Indeed, Brazil is the one case where the bulk of the power structure of the European motherland migrated to their colony.

Fernandinande said...

It reminds me of seeing relics from Native American culture.

I'm physically in the middle of that stuff, and have mixed feelings about it. Archaeology is a hobby-science, not a useful science.

But it's pretty cool to be out in the middle of nowhere and run across a 25' tall stone tower with windows that some dudes built maybe 1000 years ago (Fremont), but what can you learn other than that they could make stone towers (and cliff "dwellings"), and did so because they fought with each other a lot?

I found some petroglyphs the local Navajos didn't know about, and their reaction was "Oh, that's nice", without much interest (you seen one...), plus the Navajos, at least, haven't been in this area much longer than the Europeans, so the towers and petroglyphs don't really have anything to do with them.

Howard said...

The meteorite survived.

Fernandinande said...

a 25' tall stone tower

Well, maybe 8 or 10 feet of it left. My memory improved it.

MadisonMan said...

I'm hung up on the weird phrase what is now Brazil's Atlantic Coast Isn't that the ONLY coast that Brazil has?

But it wasn't always a Brazilian Coast. I think that's the point. The people were on the coast before it was Brazilian.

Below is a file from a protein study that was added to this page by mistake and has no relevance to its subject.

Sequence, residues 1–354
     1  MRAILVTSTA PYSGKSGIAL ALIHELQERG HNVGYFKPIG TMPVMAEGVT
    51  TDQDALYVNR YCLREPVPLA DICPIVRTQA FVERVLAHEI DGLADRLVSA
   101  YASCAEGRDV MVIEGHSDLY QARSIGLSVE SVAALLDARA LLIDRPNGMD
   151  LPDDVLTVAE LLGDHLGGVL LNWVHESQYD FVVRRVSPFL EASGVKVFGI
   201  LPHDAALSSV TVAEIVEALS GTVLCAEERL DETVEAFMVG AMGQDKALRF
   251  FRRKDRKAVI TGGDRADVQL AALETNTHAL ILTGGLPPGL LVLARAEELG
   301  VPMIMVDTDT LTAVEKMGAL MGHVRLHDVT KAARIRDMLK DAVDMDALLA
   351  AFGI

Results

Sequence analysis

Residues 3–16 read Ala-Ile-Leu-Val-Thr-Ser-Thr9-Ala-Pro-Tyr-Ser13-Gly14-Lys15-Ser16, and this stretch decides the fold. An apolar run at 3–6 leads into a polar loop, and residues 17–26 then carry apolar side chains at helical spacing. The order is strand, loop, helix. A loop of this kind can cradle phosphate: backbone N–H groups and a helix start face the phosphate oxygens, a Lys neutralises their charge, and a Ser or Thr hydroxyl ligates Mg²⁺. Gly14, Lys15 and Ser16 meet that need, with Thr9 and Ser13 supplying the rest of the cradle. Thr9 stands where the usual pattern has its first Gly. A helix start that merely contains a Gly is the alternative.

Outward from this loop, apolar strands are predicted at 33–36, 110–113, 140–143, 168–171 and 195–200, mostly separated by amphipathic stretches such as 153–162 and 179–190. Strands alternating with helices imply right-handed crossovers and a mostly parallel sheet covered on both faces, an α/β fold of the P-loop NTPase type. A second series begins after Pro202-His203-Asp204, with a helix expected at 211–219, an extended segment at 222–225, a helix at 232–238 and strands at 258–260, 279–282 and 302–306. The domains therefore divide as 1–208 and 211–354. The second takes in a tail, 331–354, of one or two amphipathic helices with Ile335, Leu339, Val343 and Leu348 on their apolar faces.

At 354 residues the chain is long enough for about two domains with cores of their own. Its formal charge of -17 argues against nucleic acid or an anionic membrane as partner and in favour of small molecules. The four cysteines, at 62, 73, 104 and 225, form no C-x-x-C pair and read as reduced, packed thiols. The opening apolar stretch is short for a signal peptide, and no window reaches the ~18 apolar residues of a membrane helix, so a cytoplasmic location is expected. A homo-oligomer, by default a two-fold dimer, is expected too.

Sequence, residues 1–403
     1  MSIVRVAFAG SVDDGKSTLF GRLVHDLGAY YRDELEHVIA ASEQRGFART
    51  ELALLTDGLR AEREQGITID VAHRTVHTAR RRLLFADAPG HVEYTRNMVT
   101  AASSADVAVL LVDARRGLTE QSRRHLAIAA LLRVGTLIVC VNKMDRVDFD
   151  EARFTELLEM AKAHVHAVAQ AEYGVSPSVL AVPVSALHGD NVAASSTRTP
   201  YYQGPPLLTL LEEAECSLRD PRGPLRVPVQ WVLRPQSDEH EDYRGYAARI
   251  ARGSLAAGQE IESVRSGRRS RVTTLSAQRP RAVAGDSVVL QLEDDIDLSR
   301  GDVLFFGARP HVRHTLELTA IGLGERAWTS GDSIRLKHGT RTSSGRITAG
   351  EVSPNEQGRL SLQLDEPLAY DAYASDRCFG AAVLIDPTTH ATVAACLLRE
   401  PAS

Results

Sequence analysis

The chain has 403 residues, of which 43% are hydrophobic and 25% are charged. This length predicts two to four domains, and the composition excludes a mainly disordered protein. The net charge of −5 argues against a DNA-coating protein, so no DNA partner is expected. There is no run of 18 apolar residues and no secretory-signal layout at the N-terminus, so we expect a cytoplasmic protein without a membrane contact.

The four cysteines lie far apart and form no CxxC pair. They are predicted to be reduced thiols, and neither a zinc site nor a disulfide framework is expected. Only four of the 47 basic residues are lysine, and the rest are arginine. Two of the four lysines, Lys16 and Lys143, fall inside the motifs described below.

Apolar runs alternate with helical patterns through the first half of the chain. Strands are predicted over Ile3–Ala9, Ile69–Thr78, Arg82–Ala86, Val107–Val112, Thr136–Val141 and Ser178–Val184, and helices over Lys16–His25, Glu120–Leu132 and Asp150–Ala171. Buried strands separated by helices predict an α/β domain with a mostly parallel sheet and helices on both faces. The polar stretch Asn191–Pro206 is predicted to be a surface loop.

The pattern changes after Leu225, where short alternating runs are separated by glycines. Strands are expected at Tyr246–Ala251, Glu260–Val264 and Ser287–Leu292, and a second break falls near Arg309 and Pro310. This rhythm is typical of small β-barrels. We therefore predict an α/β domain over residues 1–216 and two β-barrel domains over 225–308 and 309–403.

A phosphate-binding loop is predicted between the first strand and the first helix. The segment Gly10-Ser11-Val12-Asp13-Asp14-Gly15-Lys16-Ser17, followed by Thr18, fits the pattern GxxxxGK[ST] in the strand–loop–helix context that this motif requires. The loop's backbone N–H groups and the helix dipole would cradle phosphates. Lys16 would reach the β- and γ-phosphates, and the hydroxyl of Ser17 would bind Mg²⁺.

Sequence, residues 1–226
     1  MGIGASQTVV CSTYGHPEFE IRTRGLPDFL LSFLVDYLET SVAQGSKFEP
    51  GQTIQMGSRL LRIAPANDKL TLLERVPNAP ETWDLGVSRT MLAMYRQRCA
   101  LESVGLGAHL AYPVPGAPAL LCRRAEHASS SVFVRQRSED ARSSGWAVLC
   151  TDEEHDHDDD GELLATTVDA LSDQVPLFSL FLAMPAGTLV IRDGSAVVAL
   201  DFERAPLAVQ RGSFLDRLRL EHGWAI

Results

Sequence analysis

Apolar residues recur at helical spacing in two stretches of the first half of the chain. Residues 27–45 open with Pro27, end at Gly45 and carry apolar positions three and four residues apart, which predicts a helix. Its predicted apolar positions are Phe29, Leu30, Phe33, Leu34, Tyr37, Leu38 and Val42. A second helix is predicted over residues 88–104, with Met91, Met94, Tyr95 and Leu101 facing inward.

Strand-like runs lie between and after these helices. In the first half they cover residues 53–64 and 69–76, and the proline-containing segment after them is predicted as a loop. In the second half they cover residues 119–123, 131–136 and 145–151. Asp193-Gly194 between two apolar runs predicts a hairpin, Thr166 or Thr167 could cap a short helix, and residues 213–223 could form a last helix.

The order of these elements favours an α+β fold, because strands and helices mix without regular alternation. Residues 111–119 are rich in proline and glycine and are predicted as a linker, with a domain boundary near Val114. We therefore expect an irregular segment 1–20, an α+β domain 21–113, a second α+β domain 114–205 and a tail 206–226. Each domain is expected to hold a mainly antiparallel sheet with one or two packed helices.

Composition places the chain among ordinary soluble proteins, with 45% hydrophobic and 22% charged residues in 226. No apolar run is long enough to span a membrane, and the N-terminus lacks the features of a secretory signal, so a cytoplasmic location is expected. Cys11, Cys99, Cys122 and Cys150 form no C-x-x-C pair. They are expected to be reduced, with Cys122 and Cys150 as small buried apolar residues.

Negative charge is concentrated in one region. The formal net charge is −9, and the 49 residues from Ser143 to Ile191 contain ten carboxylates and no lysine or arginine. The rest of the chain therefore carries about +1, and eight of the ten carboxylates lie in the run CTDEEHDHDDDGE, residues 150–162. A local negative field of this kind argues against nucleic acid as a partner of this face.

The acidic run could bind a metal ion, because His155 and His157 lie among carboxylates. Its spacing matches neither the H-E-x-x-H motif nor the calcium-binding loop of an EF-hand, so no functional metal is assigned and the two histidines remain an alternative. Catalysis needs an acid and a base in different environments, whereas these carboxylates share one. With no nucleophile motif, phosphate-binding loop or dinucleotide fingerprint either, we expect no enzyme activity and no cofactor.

Dust Bunny Queen said...

But it wasn't always a Brazilian Coast. I think that's the point. The people were on the coast before it was Brazilian.

Whatever it was before the Country of Brazil existed the coast was still on Atlantic Ocean. Since there is NO other coast, it seems that "Atlantic" is redundant or for dummies who don't know where Brazil is actually located.

It is like saying the Pacific Coast of Oregon. Duh.

I know...anal and pedantic :-[


What historical value? They were a bunch of blood-thirsty cannibals when whitey conquered them and tried to civilize them. Feather-work and masks? Please.

Leland said...

The meteorite survived.

The fire wasn't nearly as hot as entry into Earth's atmosphere.

n.n said...

Tear down the statues? We know that there was inter and intra-tribal and national conflicts that included genocide, redistributive change, retributive change, and slavery.